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# Brake Locking Maths Channel Formula - Motorcycles

### Tech Articles

Discussion and questions related to the course Professional Motorsport Data Analysis

Hi everyone,

In this module we looked at the brake locking maths channel formula for either FR or FL corners, but what about a situation where we only have one front wheel and one rear wheel like with motorcycles? Can someone help me determine the correct formulas in this situation to calculate single wheel front locking rate, and single wheel rear locking rates? Thanks

At a professional level, you might have another speed reference, using something like laser ground speed sensing, or inertia / gps units.

If I were analyzing a Motorcycle, I would just plot both wheel speeds on the same graph to look for instances of locking that I could detect.

Hi David, thanks for the speedy reply as usual!

Yes, what I'm currently doing at the moment in RS2 is just plotting my three speed channels in the same view in my measures graph visual (GPS, front wheel, and rear wheel speed), and looking for any dips between the two wheel speeds. It's a bit difficult I find though to detect small changes in front locking (well, easy to see in my lowside crash data, but not so much when the tyre is near the limit of surface slip) as my rear wheel speeds vary quite drastically under downshifts, sometimes with the rear end lifting under heavy braking zones and showing very large dips in wheel speed, so it wouldn't be a good reference speed for the front wheel.

After watching the throttle/drive slip section of the course, and how the front axle speed is used as an approximation for free rolling speed and used as a reference speed for the rear axle slip, I thought perhaps I could use my GPS speed as a reference speed for front brake locking since it's more consistent/stable compared to my rear wheel speed. However, one concern I had with this is the motorcycle tyre profile. If you see my minimum cornering speeds when the bike is leaned over at max lean angle, the GPS vs wheel speed discrepancy is quite large due to the changing contact patch of the tyre whilst leaned over, whereas when the tyre is upright, the GPS speed trace tracks front wheel speed quite accurately. To complicate matters further most lowsides happen when the front tyre locks under trail braking and when the tyre contact patch is smaller (and the GPS vs front wheel speed discrepancy is larger) so it makes it a bit tricky then I suppose to use GPS speed as a reference speed then for the front wheel under trail braking where an accurate slip ratio calculation would matter most, and therefore would make it hard to accurately estimate slip ratio under trail braking.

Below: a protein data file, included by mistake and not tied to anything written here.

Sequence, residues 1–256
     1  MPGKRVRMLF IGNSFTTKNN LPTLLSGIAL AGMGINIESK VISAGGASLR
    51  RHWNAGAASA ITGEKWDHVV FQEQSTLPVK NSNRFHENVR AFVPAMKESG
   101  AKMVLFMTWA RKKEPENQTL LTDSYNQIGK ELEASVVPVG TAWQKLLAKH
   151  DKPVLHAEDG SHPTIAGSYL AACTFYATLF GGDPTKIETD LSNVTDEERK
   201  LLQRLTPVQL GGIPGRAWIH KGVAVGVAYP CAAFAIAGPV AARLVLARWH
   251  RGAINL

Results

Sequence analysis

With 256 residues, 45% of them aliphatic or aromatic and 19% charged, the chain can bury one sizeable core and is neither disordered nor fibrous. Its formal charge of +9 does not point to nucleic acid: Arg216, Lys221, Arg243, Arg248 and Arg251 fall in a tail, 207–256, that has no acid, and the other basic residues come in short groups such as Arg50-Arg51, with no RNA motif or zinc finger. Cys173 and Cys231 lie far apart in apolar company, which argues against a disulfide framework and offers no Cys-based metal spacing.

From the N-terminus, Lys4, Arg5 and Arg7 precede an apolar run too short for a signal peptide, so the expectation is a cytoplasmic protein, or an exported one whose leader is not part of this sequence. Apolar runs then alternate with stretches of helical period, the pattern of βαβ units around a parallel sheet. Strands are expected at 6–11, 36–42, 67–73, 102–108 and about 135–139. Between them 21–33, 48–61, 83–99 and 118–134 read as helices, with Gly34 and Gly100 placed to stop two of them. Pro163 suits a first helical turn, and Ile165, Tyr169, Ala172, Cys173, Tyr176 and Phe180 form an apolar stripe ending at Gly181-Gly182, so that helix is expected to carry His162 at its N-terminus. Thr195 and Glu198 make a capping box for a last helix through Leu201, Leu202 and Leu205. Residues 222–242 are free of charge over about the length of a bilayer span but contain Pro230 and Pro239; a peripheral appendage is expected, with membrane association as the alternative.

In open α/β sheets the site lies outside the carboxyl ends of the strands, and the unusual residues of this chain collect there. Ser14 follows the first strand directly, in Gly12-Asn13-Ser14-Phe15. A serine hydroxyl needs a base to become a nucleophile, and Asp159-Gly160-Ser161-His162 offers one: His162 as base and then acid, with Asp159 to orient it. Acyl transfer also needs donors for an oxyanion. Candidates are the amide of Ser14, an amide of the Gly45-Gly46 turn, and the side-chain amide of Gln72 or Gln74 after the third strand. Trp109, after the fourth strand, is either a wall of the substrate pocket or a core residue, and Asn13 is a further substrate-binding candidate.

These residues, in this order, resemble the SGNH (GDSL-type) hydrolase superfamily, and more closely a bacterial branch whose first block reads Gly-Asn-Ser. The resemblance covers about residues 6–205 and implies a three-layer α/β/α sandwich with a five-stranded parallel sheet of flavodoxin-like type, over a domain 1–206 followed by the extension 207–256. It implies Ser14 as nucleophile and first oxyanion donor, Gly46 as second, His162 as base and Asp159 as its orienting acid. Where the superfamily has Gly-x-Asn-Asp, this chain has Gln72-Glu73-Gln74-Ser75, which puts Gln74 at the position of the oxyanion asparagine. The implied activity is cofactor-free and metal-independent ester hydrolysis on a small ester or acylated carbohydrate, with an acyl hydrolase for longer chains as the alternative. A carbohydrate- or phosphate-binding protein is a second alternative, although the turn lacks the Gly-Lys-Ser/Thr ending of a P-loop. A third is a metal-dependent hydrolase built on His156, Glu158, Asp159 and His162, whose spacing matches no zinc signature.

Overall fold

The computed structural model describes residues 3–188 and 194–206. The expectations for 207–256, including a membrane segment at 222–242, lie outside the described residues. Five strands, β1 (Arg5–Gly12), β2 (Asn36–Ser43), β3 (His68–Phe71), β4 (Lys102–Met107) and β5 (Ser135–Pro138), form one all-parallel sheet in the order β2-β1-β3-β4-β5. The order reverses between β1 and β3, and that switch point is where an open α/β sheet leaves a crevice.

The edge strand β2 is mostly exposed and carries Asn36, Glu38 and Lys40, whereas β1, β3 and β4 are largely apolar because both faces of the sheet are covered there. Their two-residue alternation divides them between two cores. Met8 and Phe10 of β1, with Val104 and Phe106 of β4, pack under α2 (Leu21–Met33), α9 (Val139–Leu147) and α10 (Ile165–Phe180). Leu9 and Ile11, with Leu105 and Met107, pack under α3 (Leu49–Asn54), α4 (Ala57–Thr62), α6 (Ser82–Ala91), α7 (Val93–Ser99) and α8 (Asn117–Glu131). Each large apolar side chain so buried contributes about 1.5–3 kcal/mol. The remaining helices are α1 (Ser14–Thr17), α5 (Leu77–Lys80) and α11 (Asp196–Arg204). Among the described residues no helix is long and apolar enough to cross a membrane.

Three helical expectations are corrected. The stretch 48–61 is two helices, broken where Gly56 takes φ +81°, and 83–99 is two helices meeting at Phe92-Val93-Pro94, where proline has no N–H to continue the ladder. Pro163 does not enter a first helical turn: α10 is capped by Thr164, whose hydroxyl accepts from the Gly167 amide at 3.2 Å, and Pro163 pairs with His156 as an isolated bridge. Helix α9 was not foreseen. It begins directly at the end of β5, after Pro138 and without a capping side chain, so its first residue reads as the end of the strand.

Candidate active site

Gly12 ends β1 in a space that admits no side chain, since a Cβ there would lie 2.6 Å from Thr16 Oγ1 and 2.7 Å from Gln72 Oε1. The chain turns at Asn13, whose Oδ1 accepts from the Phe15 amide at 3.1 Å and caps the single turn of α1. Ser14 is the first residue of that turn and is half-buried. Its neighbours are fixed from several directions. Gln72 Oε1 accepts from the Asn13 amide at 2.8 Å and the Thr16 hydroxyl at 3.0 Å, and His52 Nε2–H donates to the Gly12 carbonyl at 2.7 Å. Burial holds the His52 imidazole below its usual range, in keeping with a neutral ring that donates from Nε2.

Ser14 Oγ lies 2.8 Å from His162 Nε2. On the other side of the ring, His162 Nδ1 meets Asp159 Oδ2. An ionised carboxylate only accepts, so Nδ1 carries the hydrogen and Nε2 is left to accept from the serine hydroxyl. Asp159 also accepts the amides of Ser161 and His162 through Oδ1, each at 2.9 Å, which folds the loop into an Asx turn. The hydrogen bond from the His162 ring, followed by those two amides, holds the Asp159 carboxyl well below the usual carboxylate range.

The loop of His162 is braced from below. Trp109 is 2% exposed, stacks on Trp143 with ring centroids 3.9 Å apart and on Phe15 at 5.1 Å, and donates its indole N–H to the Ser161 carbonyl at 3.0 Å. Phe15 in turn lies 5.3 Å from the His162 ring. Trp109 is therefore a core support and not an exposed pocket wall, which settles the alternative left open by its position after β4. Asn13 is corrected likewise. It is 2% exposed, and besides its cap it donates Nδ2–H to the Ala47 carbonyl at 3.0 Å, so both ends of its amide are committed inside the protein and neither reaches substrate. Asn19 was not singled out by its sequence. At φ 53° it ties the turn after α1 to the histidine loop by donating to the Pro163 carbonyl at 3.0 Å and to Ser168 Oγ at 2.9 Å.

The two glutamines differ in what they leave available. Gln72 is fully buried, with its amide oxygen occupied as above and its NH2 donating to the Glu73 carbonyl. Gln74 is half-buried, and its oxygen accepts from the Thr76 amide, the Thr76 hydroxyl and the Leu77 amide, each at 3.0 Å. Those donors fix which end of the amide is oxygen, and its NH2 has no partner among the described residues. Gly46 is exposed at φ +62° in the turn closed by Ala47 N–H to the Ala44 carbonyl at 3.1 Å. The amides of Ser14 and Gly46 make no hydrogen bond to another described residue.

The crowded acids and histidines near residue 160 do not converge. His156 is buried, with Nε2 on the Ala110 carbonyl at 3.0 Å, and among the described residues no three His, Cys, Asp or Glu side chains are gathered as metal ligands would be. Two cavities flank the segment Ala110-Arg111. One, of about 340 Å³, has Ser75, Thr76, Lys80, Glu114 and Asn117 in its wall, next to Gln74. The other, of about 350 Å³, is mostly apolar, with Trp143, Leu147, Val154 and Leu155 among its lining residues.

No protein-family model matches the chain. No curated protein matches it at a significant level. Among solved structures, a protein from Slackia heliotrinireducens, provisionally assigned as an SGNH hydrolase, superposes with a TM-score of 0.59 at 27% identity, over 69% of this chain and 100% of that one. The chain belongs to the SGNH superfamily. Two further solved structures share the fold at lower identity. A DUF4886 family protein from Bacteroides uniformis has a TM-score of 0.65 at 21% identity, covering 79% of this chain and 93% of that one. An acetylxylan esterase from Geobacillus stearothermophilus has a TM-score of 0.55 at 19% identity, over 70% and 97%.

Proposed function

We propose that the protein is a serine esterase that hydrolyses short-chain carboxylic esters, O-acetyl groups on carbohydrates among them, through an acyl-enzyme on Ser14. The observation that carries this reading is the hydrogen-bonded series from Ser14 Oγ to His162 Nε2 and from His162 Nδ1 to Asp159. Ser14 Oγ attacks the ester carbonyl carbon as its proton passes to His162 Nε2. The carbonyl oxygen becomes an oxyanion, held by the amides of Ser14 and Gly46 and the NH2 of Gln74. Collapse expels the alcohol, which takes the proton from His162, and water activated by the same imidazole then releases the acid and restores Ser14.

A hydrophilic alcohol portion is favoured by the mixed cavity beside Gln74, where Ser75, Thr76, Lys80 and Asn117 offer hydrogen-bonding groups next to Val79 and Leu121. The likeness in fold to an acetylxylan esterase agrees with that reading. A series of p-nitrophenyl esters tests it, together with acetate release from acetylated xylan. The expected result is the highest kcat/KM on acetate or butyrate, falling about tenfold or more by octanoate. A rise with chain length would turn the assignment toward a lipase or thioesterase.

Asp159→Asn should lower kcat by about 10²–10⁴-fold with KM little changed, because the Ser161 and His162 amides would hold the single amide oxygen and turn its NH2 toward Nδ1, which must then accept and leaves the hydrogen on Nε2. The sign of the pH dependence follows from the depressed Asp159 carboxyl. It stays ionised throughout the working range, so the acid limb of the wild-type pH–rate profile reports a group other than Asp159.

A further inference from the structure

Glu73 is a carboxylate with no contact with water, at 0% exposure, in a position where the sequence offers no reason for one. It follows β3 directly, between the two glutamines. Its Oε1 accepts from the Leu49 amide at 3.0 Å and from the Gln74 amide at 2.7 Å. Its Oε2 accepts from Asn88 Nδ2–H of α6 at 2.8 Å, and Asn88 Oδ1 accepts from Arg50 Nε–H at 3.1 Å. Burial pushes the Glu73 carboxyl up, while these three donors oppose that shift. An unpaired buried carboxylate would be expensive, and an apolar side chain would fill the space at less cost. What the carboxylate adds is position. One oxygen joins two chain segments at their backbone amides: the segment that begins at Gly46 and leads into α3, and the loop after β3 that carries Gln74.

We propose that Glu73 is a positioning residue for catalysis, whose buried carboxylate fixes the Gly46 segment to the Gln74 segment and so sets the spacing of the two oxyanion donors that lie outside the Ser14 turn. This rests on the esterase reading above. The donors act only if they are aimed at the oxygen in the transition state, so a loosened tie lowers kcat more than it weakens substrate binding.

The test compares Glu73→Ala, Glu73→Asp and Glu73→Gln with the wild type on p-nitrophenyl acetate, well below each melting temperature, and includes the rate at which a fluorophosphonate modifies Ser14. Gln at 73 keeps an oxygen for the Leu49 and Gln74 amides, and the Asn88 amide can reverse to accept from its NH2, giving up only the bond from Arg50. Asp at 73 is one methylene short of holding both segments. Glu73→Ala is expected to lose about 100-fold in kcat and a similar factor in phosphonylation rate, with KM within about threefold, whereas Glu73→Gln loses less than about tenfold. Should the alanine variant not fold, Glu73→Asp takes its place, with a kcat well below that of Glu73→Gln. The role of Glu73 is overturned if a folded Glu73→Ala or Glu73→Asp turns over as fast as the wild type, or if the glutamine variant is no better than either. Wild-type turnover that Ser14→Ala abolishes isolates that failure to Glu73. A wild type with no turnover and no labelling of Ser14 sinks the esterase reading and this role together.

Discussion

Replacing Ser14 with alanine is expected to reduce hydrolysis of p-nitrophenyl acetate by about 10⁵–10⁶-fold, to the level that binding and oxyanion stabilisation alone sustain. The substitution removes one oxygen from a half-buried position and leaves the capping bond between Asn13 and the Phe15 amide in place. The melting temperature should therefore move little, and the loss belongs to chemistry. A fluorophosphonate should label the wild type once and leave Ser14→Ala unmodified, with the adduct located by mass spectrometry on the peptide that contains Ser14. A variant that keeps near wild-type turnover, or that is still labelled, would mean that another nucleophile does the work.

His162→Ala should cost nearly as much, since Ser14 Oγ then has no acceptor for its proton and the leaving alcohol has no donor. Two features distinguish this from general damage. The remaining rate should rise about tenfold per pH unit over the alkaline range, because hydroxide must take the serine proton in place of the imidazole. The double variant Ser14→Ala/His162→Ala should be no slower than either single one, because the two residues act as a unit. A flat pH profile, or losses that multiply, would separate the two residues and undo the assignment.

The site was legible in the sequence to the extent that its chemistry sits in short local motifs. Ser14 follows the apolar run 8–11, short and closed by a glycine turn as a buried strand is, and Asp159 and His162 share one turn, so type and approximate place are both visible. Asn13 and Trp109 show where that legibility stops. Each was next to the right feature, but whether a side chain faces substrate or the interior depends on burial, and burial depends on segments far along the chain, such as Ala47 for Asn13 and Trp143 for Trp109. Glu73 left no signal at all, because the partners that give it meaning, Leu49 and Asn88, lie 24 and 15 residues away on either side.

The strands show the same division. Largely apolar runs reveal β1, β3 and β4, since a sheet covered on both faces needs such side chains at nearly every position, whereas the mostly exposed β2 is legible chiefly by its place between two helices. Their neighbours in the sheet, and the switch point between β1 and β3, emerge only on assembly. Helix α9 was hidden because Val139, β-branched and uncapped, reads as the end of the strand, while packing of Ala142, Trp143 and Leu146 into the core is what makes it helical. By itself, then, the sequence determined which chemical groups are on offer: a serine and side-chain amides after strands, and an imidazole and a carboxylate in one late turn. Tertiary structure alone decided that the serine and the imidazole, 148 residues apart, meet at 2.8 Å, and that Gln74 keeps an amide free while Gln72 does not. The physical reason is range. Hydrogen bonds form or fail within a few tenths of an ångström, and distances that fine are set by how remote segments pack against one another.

I wonder if there's a maths channel I could write to correct for this tyre profile consideration and changing contact patch mid corner vs upright? Then I believe my GPS speed would provide a better approximation of free rolling speed?

I did some work with the GripOne IMU CAN device (added communications support to a MoTeC firmware package). It has calibration to provide corrected wheel speed channels compensating for lean, etc. Might be something for you to explore.

GPS data often lags behind in terms of actual speed, (but it does give you the trend), I have used the Race Technology SpeedBox which uses an accelerometer to calculate instantaneous speed, then compensates the inevitable drift by using the GPS. We used it for doing traction control on a 4-wheel drive at the Bonneville Salt Flats.

Noted regarding the GPS lag, and very cool about compensating for drift. Interesting about the GripOne device, I know a lot of stock sportbikes come with IMUs fitted, didn't know there were aftermarket options to add, definitely something I'll research further to see if any aftermarket IMU options exist for AiM.

In one of the AiM Learnfast webinars on motorcycle data, I do remember some talk about maths channels which can provide corrected wheel speed channels compensating for lean, but my memory is hazy on the subject. I've messaged Roger Cadell over at AiM USA as well to see if he has those formulas on hand.

Thanks for answering all of my recent questions David, it's much appreciated. I'm relatively new to telemetry and data analysis (around 5 months now working with my MXm system), so my apologies if my questions seem very elementary! Very happy to have found these courses and this forum, learning loads everyday.